In elementary school, I had no concept of race, and I certainly did not see myself as benefitting from any type of white privilege. Westport schools did not involve elementary schoolers in discussions of race, and adults had evidently decided that the history of American racism was not my problem. After all, why explain racism and white privilege to the little white girls and boys?

Partially as a result of this prolonged, privileged innocence, most Westport students, including myself, initially fail to see the ways white privilege has contributed to our success. We study for a test and receive an A; we apply to summer programs and gain admittance to one; we find a job and save money. To us, hard work is the cause of every success. What we fail to question is why the outcome of our hard work is always success. There is never a time when we study hours for a test only to have a hard time getting a ride to school the next morning, prepare for an interview only to get turned away because of prejudice, or work desperately hard only to consistently be the victim of racial profiling by law enforcement.

Many in Westport will ascribe this privilege of predictable success to wealth, not race. However, while it is true that all Westport residents enjoy the privilege of living in a safe community with highly rated public schools, non-white Westport residents still face barriers. Whereas I can find skin care products easily, non-white Westport residents will find that stores mostly carry beauty products designed for white skin; whereas I can turn on the news to find countless white role models, non-white Westport residents will find that the majority of politicians, anchors, and corporate leaders resemble their white classmates; whereas I have been taught by countless white teachers, non-white Westport residents are forced to contend with the fact that, although research published in The Economics of Education found that test scores increase when a student has a teacher of the same race, Staples High School has only recently hired its first full-time black teacher in quite a while.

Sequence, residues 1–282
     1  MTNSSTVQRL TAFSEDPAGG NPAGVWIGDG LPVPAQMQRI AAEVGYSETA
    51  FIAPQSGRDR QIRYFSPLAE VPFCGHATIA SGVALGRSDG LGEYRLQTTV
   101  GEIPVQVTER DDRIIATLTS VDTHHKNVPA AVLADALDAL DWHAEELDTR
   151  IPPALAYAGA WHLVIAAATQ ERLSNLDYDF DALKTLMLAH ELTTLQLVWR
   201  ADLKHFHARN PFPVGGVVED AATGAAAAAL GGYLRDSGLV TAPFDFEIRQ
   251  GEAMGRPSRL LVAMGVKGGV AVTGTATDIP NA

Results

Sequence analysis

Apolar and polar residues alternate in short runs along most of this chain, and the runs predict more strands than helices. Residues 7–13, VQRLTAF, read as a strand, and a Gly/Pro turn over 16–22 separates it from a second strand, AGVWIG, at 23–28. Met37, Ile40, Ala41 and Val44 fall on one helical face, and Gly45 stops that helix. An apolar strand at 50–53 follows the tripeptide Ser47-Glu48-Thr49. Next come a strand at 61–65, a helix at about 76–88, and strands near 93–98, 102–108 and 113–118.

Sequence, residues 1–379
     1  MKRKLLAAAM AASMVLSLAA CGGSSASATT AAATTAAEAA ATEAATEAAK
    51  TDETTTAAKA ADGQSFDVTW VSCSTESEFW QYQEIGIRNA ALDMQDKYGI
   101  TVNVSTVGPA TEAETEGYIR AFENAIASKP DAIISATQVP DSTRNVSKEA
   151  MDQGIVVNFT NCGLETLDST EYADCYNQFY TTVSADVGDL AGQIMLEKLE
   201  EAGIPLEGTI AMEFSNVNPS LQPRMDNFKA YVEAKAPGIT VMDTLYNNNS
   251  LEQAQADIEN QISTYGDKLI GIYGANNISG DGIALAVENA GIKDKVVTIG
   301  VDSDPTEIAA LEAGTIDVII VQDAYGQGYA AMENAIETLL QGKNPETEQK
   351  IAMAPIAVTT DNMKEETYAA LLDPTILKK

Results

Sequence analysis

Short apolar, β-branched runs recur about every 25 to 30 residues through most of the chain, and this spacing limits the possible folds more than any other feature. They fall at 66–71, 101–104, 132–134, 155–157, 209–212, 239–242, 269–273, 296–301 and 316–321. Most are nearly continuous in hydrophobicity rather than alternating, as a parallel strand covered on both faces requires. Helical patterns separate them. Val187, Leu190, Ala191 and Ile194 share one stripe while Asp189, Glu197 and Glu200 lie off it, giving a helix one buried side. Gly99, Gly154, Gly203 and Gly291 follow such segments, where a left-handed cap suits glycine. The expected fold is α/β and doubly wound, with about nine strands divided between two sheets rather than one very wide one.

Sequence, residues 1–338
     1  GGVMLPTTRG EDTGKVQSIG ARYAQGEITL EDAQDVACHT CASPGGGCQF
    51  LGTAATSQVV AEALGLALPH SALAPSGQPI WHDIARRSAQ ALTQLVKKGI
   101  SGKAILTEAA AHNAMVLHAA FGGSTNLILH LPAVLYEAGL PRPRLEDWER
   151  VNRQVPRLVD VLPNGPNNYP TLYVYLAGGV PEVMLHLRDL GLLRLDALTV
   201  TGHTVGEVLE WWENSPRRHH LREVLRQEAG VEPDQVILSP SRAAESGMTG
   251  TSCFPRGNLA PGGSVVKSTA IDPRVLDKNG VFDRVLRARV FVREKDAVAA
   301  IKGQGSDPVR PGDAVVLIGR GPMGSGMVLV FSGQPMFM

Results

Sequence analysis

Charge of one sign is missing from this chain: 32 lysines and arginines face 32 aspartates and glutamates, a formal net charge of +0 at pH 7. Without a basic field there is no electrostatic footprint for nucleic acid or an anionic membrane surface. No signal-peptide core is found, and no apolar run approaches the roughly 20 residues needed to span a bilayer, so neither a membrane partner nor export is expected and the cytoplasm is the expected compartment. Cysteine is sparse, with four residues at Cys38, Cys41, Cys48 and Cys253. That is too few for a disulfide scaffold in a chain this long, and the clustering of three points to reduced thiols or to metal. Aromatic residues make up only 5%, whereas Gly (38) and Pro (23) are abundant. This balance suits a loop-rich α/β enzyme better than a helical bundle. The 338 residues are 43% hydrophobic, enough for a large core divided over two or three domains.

Claire Dinshaw

I know from personal experience that wealth cannot overcome the deficits of underrepresentation. About twelve years ago, the only female power-players in Washington D.C. who frequently appeared on the news were Nancy Pelosi and Hillary Clinton. At the time, women were so underrepresented in Washington D.C. that when I first saw Pelosi on television I asked my father whose wife she was because I did not believe women like me could be politicians. If I had been born a black women, I might still believe I could not be a politician.

Furthermore, the wealth privilege argument fails to consider the role that white privilege plays in someone’s ability to move to Westport. The societal impact of white privilege means white Americans are more likely to hold college degrees due to education inequality, less likely to go to jail for drug offenses due to a prejudice criminal justice system (even though white men, according to hospital records documented in The New Jim Crow, are three times as likely to use illegal drugs), and more likely to face discrimination in the housing and job markets due to stubborn racist beliefs. This equates to white Americans being more likely to be able to afford a home in Westport and other upper-middle class suburban towns.